Day 5 of the twelve days of Christmas has arrived. Can you believe Christmas Eve is just a week away? It’s beginning to look a lot like Christmas. We even had our first snow of the year yesterday. Although snow is a big word for what little white stuff we saw yesterday. It melted before I even had a chance to try and make a fool of myself while biking.
Speaking of Christmas Eve, Christmas Eve isn’t part of the Christmas tradition here in Holland. I remember the first year I worked here. I was working at a big law firm and Christmas Eve was like any other day. I was highly disappointed. Since then, I’ve learned to live with it. (It helps that I work at home now and set my own hours.) I usually make plans with expat friends on Christmas Eve as I know I won’t be doing anything with my Dutch family or friends on that day. (Even the grocery store stays open, which is saying a lot in this country.)
Christmas in Holland consists of First Christmas Day (Eerste Kerstdag) and Second Christmas Day (Tweede Kerstdag). For those who are married, it works out well. You spend one day with your family and one day with your in-laws. For those who aren’t married or whose family lives in another country, you spend a day with family and a day with friends. You can also spend a day at a museum as most museums are open over the holiday. (We did New Year’s Day at the Gemeentemuseum Den Haag and had the place mostly to ourselves for the first two hours. It was great, except we were starving as there was no where open to have lunch.)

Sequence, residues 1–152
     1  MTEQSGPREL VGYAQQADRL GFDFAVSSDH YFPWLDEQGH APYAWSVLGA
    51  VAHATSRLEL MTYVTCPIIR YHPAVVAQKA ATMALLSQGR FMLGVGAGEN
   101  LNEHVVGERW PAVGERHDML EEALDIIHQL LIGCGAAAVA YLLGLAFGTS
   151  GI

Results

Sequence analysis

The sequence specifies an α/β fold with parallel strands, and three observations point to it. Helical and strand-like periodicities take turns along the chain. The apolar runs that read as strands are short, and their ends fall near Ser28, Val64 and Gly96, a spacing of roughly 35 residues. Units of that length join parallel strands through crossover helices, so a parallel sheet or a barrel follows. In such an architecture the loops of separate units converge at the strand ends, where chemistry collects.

What do the Dutch actually do when they get together for Christmas? What they don’t do is a ton of presents. You won’t find Christmas trees buried under gifts in this country. After all, the Dutch have Sinterklaas who brings the kiddies presents at the start of December. The Dutch are very proud of their Sinterklaas tradition. If you ask, they’ll tell you that Santa Claus is based upon Sinterklaas. So, you won’t find Santa Claus climbing through chimneys here. Although with the popularity of Hollywood movies, some parents have started to give out gifts from Santa.
Adopting traditions of other countries is typical in the Netherlands. It’s a small country and open to other cultures. Case in point? The German tradition of Christmas markets has now been firmly embraced by the Dutch. In The Hague, there are several to visit. Personally, I’m happy the German tradition of gluhwein has arrived. I love me some mulled wine on a cold winter’s day.
So, what are we up to for Christmas? We’re spending Christmas Eve with friends while Christmas day is reserved for my in-laws. On Boxing Day, I look forward to visiting the museum. There’s an Alexej Von Jawlensky exhibit I’ve been dying to see.
What’s everyone else doing for the holiday (if you celebrate)?